Living


Tonight is Christmas Eve and I find myself facing the first Christmas in recent memory, maybe ever, that I wish was over before it began. I’m not bah humbug, nor am I falling apart sad. I am just not feeling it. Not interested. Indifferent.

Part of it has to do with the loss of both of my parents this year.  Those of you who read my piece on Stages of Grief know that they died at ages 67 and 65 within 20 days of one another in April.  He from a stroke and she from cancer.  Loss and Christmas can be difficult to reconcile.

Part of it has to do with watching one of my children struggle with the first sober Christmas and all that entails for the addict that is turning their life around. I remember that feeling from my first sober Christmas a number of years ago and I wish this child well.  Sobriety, depression and Christmas can be difficult to reconcile. 

Part of it has to do with having spent down the last of our savings and having had to borrow the money for our mortgage and Christmas presents this year while navigating the difficult bridge of having no predictable income or health insurance until January.  Financial uncertainty and Christmas can be difficult to reconcile.

And yet, in the midst of all of it, I have many things to be grateful for and there are millions of people on earth who have things far, far worse than we do. I am sitting in a warm home with a loving husband and three children who I love and who love me. I expect the first advance on my book to arrive in the mail any day now and I begin a new teaching job (with benefits) at the end of January, so there are good things on the horizon.  

Fortunately, hope and Christmas are not only easy to reconcile–they go hand in hand.

So, this is a shout out to all of the people for whom Christmas festivities are feeling like more of an assault than a gift. Those who are doing their best to go through the motions because of grief, or empty bank accounts or trying to stay away from a drink or a drug.  Let’s have a Merry Christmas anyway and pray for an even happier New Year.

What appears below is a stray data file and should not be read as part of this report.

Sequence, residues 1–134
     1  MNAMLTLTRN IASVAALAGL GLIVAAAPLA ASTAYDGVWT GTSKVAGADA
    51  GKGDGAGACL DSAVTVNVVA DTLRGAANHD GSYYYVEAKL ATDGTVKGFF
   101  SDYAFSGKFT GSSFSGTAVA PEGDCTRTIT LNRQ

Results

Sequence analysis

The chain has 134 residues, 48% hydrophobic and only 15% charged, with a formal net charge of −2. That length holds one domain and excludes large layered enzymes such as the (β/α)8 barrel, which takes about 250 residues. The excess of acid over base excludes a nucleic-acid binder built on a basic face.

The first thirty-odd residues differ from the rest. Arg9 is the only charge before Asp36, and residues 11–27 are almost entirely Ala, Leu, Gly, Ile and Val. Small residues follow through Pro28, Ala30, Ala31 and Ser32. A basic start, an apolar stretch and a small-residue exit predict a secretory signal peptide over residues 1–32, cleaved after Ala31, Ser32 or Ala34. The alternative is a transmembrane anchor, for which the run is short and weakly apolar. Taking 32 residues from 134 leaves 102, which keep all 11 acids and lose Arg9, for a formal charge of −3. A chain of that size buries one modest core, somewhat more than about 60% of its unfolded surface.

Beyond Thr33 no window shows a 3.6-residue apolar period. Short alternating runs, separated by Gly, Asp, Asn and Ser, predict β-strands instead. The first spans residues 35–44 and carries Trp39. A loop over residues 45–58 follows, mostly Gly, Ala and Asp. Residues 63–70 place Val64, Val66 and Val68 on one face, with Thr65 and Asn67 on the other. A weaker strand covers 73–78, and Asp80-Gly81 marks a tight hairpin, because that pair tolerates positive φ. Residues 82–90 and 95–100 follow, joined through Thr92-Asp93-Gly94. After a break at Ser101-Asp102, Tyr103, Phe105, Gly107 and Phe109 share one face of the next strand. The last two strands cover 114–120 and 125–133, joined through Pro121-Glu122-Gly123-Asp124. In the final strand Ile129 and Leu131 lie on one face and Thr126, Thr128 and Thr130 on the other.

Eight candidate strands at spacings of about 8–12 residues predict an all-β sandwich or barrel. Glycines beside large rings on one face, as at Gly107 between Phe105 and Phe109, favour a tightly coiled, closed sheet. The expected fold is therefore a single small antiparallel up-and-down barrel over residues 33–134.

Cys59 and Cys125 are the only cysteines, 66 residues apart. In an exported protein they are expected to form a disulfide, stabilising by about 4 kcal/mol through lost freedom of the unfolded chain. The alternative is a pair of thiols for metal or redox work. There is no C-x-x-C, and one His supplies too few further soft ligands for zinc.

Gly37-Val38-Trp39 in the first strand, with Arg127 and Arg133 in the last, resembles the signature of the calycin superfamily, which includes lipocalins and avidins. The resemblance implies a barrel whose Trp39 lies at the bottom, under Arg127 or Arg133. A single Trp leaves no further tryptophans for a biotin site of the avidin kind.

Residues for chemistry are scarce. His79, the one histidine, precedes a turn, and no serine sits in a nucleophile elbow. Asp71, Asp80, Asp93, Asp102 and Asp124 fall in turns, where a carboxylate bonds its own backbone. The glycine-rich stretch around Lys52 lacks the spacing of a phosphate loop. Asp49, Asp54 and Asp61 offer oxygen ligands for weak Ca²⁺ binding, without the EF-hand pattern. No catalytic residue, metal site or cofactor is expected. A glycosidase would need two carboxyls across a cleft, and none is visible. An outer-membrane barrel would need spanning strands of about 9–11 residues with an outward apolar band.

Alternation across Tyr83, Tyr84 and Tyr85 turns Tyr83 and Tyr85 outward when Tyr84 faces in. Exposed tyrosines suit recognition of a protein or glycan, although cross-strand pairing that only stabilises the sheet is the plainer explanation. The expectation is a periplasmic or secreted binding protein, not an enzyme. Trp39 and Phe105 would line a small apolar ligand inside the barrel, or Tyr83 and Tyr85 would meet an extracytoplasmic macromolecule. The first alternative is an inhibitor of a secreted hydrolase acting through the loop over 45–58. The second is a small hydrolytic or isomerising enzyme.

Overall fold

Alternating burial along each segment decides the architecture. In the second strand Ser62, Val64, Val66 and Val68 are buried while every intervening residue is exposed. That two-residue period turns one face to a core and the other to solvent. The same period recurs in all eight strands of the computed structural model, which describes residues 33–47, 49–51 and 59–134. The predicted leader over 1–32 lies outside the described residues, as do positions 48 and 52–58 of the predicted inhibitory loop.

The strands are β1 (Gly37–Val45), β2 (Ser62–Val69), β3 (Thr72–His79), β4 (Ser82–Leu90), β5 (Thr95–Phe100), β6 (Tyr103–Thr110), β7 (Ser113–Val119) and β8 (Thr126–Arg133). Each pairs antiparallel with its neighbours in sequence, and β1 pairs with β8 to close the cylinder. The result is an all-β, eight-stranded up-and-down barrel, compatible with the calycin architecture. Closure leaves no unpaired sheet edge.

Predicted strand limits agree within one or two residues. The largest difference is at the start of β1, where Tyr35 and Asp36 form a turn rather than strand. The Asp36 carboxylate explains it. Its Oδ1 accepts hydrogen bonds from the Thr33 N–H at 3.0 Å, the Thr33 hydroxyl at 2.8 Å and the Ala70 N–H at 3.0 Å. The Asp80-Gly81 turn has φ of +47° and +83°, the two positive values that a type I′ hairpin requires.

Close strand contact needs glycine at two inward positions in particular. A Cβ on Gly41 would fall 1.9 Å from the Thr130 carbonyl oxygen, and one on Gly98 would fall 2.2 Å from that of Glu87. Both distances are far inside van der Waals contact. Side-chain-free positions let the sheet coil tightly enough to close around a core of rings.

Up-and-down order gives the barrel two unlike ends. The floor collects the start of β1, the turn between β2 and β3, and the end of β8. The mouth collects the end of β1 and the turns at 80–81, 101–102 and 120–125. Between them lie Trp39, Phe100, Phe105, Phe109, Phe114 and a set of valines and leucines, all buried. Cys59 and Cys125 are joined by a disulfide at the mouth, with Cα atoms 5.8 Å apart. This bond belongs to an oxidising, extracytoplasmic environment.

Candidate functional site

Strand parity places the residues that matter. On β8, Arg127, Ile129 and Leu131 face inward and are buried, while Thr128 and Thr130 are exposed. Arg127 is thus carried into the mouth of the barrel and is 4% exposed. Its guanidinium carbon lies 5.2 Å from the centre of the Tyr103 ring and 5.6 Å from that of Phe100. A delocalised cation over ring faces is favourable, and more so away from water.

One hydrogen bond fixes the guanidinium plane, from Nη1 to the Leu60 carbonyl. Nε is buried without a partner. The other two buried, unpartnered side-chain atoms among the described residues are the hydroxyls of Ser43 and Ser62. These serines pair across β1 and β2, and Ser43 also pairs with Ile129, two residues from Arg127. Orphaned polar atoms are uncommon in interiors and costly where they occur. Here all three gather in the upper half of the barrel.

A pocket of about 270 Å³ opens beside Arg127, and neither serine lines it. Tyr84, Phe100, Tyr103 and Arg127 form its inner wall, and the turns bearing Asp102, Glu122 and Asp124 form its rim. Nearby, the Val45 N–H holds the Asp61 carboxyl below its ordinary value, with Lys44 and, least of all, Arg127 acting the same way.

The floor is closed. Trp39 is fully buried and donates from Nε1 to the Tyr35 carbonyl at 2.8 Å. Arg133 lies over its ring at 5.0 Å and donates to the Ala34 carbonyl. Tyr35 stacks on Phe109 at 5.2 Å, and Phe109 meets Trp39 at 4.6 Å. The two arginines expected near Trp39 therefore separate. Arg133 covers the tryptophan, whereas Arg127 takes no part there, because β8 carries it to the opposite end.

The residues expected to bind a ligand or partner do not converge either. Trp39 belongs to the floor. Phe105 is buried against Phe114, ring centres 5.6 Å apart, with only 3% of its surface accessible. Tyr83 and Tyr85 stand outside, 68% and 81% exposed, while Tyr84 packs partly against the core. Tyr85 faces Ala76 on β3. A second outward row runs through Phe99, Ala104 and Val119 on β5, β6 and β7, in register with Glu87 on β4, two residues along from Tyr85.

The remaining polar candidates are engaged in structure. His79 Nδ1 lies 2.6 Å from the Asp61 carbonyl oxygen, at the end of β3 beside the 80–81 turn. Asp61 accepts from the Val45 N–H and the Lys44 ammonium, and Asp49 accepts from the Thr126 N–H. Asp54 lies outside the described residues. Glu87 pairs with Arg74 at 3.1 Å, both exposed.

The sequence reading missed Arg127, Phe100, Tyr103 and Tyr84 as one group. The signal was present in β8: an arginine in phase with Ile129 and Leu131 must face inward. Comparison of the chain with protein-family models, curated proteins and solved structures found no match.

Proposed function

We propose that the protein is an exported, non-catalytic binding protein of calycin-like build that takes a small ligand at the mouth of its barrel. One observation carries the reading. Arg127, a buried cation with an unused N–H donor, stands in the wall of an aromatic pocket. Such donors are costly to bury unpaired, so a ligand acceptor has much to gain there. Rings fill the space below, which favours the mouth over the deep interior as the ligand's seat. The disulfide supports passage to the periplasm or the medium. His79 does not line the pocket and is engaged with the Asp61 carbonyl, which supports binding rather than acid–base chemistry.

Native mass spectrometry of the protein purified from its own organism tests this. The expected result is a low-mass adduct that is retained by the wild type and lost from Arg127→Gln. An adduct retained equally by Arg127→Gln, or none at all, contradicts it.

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Both of my parents died six months ago. It was April.  My mom from cancer that she’d been battling for a couple of years. My father from a stroke that took him in 5 days.  He went first.  Twenty—or was is 22—days before his wife of 46 years.  They were young by today’s standards.  Sixty-five and Sixty-seven. 

I’ve cried a few times.  Quickly.  Quietly.  Willing but not quite able to muster the turning-the-corner-into-anger sort of tears that would signal my official descent into the widely accepted stages of grief. 

I’ve purposely not spent too much time reacquainting myself with the stages of grief.  Rather than stack the deck against myself by the power of suggestion, I figured I’d allow the emotions and memories to gather together like raindrops on windowpane, linking together slowly, one by one, until their combined weight was enough to draw them downward.

Then, earlier this week, I started to see my parents everywhere.  “Doesn’t Sarah Palin look a little bit like my mother when she was younger?” I asked my husband.  He did his best to mask the not-really tone in his voice “Well…maybe a little.”

Drip.

Walking down the street toward my favorite writing café, I saw a man in the distance that I could swear was my dad.  He wore a baseball cap over his blonde-gray hair and had his hands in the pockets of a Members Only-style baseball jacket.  There was something in his slightly curved posture and sporty white sneakers that brought him home for a moment. But only for a moment.

Drip.